Historic women’s conference hosted by NDSU professors may lead to book
In the 1970s, women from North Dakota visited Texas for the first federally funded
McGeorge spearheaded the project, but admitted that this is not her area of expertise. “There is one important thing you have to know about me from the beginning: I’m not a historian,” McGeorge said. “I’m a family therapist by training and a lover of the women’s movement through life.”
The conference and the issues it raised might have taken place in a different time, but McGeorge said she had always had a deep interest in the event. “I had been raised by strong women who taught me a lot about the women’s movement and who had been involved themselves in the women’s movement,” McGeorge said.
The certified counselor said that when she was hired at North Dakota State she focused on the job at hand. When Katherine Kilbourne Burgum, a former dean of her department, died, McGeorge felt compelled to tell the story of women like Burgum who attended the conference.
“I realized that a piece of history that was really important to me, and I think really important to our country and our state, was being lost,” McGeorge said. “So in 2005, I decided to start doing interviews with all the women who were associated with the National Women’s Conference in North Dakota.”
The National Women’s Conference was in accord with an executive order by President Gerald Ford to mark America’s bicentennial with the “Year of the Women” and organize a state and national conference.
This order was given after an international women’s conference was put on by the United Nations in Mexico City, where countries were called upon to have their own conferences to address women’s issues.
Baggett said they called the conference “the first of its kind” because it was the first federally funded women’s conference. The objective of the event, according to Baggett, was to pass recommendations that would then be presented to the president.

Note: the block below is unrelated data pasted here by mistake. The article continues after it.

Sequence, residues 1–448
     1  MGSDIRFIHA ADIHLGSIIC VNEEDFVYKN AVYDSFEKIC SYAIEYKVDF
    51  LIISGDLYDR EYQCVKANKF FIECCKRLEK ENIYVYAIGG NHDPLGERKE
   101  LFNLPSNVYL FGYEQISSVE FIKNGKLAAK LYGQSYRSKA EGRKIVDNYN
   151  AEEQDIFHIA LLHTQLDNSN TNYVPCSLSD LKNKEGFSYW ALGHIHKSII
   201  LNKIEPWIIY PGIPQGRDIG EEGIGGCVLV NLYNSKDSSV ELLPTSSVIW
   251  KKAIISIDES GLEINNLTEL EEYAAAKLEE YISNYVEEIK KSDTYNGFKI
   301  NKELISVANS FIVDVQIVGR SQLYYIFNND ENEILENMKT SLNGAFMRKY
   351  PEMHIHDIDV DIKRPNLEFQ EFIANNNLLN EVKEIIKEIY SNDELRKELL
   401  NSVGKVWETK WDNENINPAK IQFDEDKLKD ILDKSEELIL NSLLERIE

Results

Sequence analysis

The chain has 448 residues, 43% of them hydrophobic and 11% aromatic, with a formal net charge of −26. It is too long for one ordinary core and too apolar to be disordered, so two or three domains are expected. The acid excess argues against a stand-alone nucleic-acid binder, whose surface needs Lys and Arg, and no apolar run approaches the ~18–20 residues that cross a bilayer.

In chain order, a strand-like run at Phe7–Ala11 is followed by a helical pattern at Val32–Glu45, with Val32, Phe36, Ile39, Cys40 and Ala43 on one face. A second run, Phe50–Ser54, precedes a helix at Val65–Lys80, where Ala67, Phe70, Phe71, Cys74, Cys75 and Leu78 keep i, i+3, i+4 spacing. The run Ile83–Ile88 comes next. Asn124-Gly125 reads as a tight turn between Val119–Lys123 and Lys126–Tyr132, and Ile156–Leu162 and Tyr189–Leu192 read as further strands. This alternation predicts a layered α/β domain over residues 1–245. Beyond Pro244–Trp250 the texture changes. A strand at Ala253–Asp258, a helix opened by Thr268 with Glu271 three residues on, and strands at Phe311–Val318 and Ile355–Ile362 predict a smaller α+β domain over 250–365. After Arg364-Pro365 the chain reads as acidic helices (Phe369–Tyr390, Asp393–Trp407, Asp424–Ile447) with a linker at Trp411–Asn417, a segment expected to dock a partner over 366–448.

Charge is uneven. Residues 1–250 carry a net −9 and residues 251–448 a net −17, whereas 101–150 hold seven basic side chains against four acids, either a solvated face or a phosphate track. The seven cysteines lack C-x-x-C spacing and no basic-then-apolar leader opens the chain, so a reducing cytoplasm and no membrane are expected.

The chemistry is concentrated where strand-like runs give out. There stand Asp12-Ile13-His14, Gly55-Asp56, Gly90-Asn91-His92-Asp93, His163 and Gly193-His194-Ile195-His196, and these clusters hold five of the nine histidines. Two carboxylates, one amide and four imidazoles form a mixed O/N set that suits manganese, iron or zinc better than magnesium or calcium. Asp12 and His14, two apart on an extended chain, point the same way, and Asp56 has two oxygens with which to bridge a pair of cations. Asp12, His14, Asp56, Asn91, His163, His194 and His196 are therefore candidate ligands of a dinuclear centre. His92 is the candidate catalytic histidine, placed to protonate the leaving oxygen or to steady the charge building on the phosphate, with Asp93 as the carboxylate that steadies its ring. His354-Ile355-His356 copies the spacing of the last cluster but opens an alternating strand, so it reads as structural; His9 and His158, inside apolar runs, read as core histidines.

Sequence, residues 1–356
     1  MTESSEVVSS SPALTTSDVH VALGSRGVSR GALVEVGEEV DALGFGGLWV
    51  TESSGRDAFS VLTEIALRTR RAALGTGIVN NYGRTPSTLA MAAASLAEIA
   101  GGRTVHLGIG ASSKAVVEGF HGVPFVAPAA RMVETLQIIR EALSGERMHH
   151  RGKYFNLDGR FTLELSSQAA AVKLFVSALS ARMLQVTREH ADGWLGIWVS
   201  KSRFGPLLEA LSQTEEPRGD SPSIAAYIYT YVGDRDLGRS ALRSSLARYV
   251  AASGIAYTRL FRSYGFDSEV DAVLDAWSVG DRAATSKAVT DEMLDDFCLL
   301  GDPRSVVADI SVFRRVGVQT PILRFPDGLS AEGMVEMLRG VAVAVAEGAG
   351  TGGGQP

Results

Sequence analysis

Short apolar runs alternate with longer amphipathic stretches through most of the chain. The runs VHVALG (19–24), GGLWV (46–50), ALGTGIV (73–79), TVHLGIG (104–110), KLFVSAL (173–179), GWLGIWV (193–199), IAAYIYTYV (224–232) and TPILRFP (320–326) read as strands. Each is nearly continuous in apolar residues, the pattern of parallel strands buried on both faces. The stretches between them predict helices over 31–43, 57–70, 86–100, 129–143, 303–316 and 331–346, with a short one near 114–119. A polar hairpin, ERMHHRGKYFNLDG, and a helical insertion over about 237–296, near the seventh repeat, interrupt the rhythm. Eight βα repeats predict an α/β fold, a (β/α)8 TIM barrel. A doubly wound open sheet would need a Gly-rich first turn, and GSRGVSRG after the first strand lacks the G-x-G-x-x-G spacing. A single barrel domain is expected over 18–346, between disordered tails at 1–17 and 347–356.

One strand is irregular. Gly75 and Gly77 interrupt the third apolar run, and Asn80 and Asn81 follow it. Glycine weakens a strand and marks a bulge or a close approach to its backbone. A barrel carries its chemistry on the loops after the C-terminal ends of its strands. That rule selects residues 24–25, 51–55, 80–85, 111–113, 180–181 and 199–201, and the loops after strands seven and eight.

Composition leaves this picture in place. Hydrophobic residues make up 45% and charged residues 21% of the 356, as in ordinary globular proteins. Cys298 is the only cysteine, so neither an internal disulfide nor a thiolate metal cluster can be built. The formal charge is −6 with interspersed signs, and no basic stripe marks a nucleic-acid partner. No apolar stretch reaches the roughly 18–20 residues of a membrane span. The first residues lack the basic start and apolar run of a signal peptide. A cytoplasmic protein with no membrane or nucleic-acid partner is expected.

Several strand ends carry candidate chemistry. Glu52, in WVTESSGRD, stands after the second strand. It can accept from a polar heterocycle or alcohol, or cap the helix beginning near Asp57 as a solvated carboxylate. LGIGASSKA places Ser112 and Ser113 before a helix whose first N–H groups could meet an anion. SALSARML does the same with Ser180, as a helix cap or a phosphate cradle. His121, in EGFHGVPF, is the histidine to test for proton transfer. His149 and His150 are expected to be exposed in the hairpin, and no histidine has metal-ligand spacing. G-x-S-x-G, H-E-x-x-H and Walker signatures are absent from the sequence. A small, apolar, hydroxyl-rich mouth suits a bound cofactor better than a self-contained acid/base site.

“So approximately 20,000 people gather, and there are about 2,000 delegates, so most people are attendees … they were either the media or just people who wanted to learn,” Baggett said.
Baggett said she learned through her work with the Houston archives that a large amount of the women who attended just wanted to learn. This was a constant theme in interviews at the time, according to Baggett.
The women were met with backlash and complications, according to Baggett. The delegates and attendees were welcomed with delayed flight landings and hotel rooms that took 6-8 hours to get, according to Baggett.
“There was a lot of discussion about why?” Baggett said. “Some people say there was a prior conference and people were not checking out intentionally as a way of protesting.”
Baggett said the woman she interviewed were determined to make, it so they stuck out the wait times.
The problems didn’t stop there for the conference goer, however. According to Baggett, there was a garbage strike and one of the women interviewed said she remembers rats all over Houston.
Baggett said the governor of the state at the time designated the week as “Family Week” as a backlash to the conference.
According to Baggett, through contentious debate, the delegates did pass all but one recommendation while also bringing women together.
These connections were important for some of the delegates they spoke to from North Dakota. “There was this feeling of connection with the rest of the nation and not just being isolated in North Dakota,” Baggett said.
Baggett said they are in the process of finishing their research and would like to work with the NDSU Press to publish a book.